Friday, July 8, 2011

Goat and pork are like hand and glove...

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See that? It is Goat meat and Pork meat. I am joining the Goaterie bandwagon and cooking with goat. What? You never tasted goat? You are missing out. Goat is good. It is lean. It is...it is....Goat!

My brain was working overtime trying to think of something to do with the goat meat I bought at a local farm. I thought about all kinds of things but the first thing I wanted to try was a Goat Rillette.

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I know this is a little unconventional for a Rillette but I was going to make it anyhow. I decided to blend Indian spices for the flavoring and for the fat I used Ghee. Goat and Indian food go together. So, I started off by melting ghee and toasting the spices.

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I sauteed some onions in the spices and ghee.

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I then (with the help of my little Gnome "Goober") pureed all of it up to add to the meat.

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Then (ugh, forgot a picture of this part because it took like 4 hours and I might have been on Twitter tweeting about stuff and forgot to take a picture of the cooking process) cooking cooking cooking.

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After it was cooked and falling off the bones (the pork fell faster than the goat) I picked out the bones and stuff that didn't belong there (I put the cinnamon and cloves and whole cardamom in a little tea bag it didn't work so well, hence the picking out the "other stuff".

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I then whirred it up in the Cusinart.

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and there you have it. Goatie goodness in a jar. It is amazing and I even wowed myself (pat on back).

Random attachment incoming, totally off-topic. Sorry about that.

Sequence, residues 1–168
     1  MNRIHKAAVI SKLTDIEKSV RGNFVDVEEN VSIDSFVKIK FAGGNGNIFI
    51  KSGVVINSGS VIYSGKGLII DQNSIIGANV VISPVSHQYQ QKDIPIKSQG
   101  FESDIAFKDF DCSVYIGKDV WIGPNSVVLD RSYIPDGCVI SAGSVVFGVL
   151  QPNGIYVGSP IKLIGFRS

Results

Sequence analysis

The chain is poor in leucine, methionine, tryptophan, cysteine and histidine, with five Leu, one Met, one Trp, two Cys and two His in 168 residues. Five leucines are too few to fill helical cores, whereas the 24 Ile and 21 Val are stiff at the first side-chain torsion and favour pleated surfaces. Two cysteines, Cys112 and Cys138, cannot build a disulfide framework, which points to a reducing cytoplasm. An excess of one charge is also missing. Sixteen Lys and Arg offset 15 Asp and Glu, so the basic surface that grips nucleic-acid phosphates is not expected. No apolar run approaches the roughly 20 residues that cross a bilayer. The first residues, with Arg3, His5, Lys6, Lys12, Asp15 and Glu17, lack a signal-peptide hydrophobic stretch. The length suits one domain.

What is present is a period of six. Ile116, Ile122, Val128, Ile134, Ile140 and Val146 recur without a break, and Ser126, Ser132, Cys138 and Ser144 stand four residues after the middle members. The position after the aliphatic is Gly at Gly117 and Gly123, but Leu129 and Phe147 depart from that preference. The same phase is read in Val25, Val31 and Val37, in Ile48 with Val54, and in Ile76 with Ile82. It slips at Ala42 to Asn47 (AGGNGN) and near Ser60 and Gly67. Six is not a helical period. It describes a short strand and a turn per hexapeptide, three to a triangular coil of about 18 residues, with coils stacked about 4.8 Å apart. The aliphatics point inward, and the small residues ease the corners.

Oh, and look! My cactus bloomed. I thought it was dead after the nasty snow and I didn't think it would grow because I am not in California anymore, but it did! Just like the man who sold it to me said it would.

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#Goaterie Goat Rillette

4 to 5 tbsp ghee (purified butter)
2 lbs goat stew meat (mine still had bones in it)
1 lb pork belly or scraps with fat, cut in 1 1/2 inch cubes
1 tbsp cumin seeds
1 large onions, chopped
3 large cloves garlic, chopped (about 1 oz)
1 tbsp finely chopped or lightly crushed ginger
2 tbsp ground cumin
2 tsp ground coriander
1 tsp turmeric
1 tsp ground cayenne pepper
2 tbsp salt
1 cup water
1/4 cup lard

make sachet with:
10 cloves
1 cinnamon stick, 2 inches long
2 Black cardamom pods
3 Green cardamom pods

Melt Ghee on medium heat in a large, heavy stockpot. Add cumin seeds and sauté until they sizzle, about 45 seconds. Add onions and sauté until golden brown, about 8 to 10 minutes. Add garlic and sauté 2 to 3 minutes, or until golden brown. Stir in ginger. After 1 minute, add ground cumin, coriander, turmeric, cloves, cinnamon, cayenne, and salt. Cook on medium heat, stirring regularly, for 5 to 10 minutes or until ghee (or oil) separates from the spices. Add another tablespoon of ghee or oil if spices are sticking to the bottom of the pot. Let cool down and puree all together in cuisinart. Put aside.